Want to know what books David Armano recommends on their reading list? We've researched interviews, social media posts, podcasts, and articles to build a comprehensive list of David Armano's favorite book recommendations of all time.
Advertising and marketing touches on every corner of our lives, and is the invisible fuel powering almost all media. Complain about it though we might, without it the world would be a darker place. And of all the industries wracked by change in the digital age, few have been turned on its head as dramatically as this one has. We are a long way from the days of Don... more
Advertising and marketing touches on every corner of our lives, and is the invisible fuel powering almost all media. Complain about it though we might, without it the world would be a darker place. And of all the industries wracked by change in the digital age, few have been turned on its head as dramatically as this one has. We are a long way from the days of Don Draper; as Mad Men is turned into Math Men (and women--though too few), as an instinctual art is transformed into a science, the old lions and their kingdoms are feeling real fear, however bravely they might roar.
Frenemies is Ken Auletta's reckoning with an industry under existential assault. He enters the rooms of the ad world's most important players, some of them business partners, some adversaries, many "frenemies," a term whose ubiquitous use in this industry reveals the level of anxiety, as former allies become competitors, and accusations of kickbacks and corruption swirl. We meet the old guard, including Sir Martin Sorrell, the legendary head of WPP, the world's largest ad agency holding company; while others play nice with Facebook and Google, he rants, some say Lear-like, out on the heath. There is Irwin Gotlieb, maestro of the media agency GroupM, the most powerful media agency, but like all media agencies it is staring into the headlights as ad buying is more and more done by machine in the age of Oracle and IBM. We see the world from the vantage of its new powers, like Carolyn Everson, Facebook's head of Sales, and other brash and scrappy creatives who are driving change, as millennials and others who disdain ads as an interruption employ technology to zap them. We also peer into the future, looking at what is replacing traditional advertising. And throughout we follow the industry's peerless matchmaker, Michael Kassan, whose company, MediaLink, connects all these players together, serving as the industry's foremost power broker, a position which feasts on times of fear and change.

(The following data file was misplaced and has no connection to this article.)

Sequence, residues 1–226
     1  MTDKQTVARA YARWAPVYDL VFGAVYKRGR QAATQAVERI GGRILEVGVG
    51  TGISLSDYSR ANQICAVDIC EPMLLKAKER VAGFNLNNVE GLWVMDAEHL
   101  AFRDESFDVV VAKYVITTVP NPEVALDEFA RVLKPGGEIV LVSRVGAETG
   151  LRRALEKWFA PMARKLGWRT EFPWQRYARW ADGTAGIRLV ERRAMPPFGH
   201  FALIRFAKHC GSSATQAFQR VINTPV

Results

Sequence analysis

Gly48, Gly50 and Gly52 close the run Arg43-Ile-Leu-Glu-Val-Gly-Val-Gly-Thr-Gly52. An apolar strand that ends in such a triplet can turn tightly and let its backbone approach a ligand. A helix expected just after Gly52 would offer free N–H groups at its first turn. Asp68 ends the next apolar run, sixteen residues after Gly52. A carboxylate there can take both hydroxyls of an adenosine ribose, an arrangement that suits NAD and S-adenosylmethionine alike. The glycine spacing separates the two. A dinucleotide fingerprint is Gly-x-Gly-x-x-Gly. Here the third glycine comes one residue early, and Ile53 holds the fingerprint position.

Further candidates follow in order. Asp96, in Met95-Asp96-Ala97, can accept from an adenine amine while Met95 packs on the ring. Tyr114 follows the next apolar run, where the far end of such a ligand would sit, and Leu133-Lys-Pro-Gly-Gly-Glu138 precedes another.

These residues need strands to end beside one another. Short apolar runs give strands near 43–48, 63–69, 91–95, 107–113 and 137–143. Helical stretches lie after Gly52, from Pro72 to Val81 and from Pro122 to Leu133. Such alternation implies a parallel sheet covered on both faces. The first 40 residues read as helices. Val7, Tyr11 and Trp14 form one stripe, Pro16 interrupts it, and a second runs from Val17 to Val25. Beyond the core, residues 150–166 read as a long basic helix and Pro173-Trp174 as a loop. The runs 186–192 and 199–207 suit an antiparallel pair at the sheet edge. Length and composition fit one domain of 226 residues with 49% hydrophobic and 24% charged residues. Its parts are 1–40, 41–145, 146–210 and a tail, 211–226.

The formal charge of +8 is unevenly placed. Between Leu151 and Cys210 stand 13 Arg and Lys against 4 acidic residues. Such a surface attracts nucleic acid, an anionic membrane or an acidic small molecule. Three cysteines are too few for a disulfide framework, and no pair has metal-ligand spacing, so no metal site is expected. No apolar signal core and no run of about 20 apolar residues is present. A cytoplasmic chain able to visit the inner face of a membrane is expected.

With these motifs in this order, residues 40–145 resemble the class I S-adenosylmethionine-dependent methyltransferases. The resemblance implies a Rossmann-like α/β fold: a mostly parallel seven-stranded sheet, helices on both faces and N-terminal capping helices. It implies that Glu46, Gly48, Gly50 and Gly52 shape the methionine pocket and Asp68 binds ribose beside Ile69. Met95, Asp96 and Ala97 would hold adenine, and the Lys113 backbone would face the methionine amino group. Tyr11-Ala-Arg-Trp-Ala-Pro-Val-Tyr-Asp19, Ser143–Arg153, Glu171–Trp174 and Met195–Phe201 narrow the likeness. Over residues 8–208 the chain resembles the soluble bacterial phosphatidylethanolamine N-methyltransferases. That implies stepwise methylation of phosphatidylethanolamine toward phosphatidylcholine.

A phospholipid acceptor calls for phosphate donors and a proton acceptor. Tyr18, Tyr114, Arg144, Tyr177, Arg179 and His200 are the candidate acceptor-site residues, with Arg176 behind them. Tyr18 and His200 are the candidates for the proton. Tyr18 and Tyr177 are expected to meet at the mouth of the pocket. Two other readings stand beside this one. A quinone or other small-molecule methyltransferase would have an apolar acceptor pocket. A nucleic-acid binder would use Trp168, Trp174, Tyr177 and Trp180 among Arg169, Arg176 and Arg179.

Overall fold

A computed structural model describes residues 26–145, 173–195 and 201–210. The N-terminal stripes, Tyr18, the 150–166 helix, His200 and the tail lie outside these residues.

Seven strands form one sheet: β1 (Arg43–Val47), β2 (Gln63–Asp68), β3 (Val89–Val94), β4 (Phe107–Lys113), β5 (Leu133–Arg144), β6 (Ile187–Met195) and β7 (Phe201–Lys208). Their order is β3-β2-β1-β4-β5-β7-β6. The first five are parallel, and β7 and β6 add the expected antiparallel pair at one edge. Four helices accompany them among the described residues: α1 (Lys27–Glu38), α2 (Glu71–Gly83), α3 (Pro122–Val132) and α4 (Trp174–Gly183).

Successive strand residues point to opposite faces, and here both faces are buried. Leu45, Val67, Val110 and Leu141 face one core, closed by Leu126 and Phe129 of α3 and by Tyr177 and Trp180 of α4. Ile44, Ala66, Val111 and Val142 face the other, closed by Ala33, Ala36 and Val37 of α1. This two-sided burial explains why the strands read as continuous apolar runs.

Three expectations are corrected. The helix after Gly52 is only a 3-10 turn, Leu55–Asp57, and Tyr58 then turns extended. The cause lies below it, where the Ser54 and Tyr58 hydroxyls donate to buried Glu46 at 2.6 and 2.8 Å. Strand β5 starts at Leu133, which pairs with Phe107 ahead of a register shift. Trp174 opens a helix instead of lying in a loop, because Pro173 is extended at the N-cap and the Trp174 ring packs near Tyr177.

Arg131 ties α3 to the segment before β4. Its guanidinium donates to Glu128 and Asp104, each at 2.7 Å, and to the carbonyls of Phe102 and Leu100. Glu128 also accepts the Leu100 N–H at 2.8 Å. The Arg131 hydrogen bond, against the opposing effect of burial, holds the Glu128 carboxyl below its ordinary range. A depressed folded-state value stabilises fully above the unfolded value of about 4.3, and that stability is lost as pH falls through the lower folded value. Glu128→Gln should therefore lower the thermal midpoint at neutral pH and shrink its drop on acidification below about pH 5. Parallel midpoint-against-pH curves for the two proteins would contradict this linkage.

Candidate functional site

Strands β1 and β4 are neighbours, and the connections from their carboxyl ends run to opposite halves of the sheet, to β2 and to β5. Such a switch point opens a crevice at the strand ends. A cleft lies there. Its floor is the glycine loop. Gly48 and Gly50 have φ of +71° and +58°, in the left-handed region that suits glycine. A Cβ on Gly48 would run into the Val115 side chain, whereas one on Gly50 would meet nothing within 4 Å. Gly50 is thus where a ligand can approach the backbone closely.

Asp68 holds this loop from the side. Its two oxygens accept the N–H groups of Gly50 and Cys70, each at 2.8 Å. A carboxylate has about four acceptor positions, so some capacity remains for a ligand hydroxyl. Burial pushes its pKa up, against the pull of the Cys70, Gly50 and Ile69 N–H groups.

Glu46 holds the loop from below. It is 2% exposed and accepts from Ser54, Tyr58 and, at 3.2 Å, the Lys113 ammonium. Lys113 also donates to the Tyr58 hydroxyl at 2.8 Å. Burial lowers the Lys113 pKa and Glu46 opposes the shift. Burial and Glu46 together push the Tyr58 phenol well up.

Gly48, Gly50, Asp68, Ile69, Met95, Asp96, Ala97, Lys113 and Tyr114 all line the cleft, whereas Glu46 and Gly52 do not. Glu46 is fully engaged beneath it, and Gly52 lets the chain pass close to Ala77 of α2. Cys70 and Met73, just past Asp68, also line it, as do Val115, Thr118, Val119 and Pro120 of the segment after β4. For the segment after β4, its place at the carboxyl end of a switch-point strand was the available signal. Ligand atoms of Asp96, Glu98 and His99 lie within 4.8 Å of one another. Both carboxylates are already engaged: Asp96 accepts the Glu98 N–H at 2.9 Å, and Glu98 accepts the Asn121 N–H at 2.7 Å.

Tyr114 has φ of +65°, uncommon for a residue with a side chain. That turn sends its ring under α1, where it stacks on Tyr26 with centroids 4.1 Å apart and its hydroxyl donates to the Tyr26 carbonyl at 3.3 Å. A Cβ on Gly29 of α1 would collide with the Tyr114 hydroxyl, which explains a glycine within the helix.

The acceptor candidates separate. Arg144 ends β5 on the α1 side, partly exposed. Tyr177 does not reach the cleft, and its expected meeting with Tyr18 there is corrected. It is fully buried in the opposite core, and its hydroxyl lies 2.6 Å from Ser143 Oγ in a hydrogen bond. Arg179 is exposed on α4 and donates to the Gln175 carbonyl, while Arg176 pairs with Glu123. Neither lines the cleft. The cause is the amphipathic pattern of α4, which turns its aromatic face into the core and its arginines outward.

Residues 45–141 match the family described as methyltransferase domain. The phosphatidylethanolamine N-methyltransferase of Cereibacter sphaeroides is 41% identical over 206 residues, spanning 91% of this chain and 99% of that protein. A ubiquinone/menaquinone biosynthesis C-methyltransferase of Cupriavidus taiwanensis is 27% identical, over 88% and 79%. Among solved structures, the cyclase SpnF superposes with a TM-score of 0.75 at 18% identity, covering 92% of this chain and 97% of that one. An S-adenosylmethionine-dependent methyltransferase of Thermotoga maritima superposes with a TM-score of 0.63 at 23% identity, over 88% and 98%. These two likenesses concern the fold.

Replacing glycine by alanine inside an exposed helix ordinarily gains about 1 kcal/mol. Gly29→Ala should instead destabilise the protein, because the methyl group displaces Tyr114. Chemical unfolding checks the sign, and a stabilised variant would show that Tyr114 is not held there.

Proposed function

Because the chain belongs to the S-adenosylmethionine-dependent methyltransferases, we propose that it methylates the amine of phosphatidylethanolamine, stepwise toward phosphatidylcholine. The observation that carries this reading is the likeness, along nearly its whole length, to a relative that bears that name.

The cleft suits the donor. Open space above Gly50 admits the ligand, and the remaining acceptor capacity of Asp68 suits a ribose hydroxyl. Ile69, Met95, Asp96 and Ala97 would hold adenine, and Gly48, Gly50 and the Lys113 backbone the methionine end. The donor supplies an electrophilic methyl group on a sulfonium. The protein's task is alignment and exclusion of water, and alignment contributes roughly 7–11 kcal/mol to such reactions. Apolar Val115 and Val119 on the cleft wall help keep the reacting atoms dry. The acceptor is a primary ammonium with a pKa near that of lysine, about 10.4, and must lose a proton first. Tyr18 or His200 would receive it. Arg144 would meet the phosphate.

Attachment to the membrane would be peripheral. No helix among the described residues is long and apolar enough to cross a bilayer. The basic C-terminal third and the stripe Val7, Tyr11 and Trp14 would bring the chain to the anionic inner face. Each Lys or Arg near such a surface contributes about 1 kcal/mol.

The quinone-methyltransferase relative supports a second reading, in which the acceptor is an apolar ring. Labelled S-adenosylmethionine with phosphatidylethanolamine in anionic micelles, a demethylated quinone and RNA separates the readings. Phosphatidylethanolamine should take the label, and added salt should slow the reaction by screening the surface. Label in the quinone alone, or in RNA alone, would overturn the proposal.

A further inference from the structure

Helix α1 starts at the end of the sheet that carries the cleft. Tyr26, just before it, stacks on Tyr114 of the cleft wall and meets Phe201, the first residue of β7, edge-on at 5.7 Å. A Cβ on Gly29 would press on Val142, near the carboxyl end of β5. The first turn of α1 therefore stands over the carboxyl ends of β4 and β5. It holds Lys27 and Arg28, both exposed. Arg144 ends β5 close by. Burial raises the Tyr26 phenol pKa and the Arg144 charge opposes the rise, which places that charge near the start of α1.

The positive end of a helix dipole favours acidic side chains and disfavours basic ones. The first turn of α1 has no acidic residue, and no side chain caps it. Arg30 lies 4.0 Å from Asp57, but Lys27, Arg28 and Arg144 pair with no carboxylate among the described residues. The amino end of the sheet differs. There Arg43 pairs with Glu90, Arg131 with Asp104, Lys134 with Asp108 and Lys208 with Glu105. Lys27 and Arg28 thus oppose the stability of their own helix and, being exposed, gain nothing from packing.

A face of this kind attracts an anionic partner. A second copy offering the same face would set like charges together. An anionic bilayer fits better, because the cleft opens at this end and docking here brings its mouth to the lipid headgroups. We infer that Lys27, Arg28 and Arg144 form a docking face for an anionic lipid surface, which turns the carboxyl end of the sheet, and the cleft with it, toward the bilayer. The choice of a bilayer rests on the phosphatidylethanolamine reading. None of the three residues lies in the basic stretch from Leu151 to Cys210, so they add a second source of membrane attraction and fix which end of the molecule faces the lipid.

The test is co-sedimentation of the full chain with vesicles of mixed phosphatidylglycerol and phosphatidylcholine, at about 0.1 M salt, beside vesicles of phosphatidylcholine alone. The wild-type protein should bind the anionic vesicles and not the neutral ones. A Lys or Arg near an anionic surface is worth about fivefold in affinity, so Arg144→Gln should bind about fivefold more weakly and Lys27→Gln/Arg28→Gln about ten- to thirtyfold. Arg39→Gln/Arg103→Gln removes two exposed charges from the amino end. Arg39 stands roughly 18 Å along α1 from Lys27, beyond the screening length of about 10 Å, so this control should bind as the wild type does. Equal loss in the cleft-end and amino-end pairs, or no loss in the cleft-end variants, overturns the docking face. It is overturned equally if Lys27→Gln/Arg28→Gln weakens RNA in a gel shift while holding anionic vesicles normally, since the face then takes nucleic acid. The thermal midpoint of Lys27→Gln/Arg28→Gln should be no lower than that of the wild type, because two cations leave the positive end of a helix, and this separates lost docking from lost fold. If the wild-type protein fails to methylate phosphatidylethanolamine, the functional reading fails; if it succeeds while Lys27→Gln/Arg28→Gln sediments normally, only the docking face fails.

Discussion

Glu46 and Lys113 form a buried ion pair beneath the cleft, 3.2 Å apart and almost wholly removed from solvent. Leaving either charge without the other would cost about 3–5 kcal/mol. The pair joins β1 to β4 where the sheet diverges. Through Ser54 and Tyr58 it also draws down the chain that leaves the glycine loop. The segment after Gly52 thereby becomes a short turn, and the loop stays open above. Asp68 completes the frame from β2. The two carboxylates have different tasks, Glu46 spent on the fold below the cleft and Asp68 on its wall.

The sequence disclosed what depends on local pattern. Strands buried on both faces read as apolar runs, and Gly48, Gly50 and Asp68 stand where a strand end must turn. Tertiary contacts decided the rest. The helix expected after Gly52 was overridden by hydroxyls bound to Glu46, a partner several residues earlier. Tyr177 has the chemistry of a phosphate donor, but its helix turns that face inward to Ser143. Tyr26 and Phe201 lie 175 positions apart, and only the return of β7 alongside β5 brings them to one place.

Frenemies is essential reading, not simply because of what it says about this world, but because of the potential consequences: the survival of media as we know it depends on the money generated by advertising and marketing--revenue that is in peril in the face of technological changes and the fraying trust between the industry's key players. less
Walter IsaacsonNow more than ever, advertising is the lifeblood that sustains most journalism, television, and entertainment. But with the advent of Google, Facebook, and other digital players, the advertising industry is being fundamentally disrupted. Ken Auletta brilliantly chronicles this drama with his usual combination of behind-the-scenes reporting filled with colorful characters, surprising revelations,... (Source)
Scott Galloway teaches brand strategy at NYU's Stern School of Business, but often his class veers to life strategy. His students are smart and hardworking, but they struggle with life's biggest questions, just like the rest of us. What's the formula for a life well lived? How can you have a meaningful career, not just a lucrative one? Is work/life balance really... more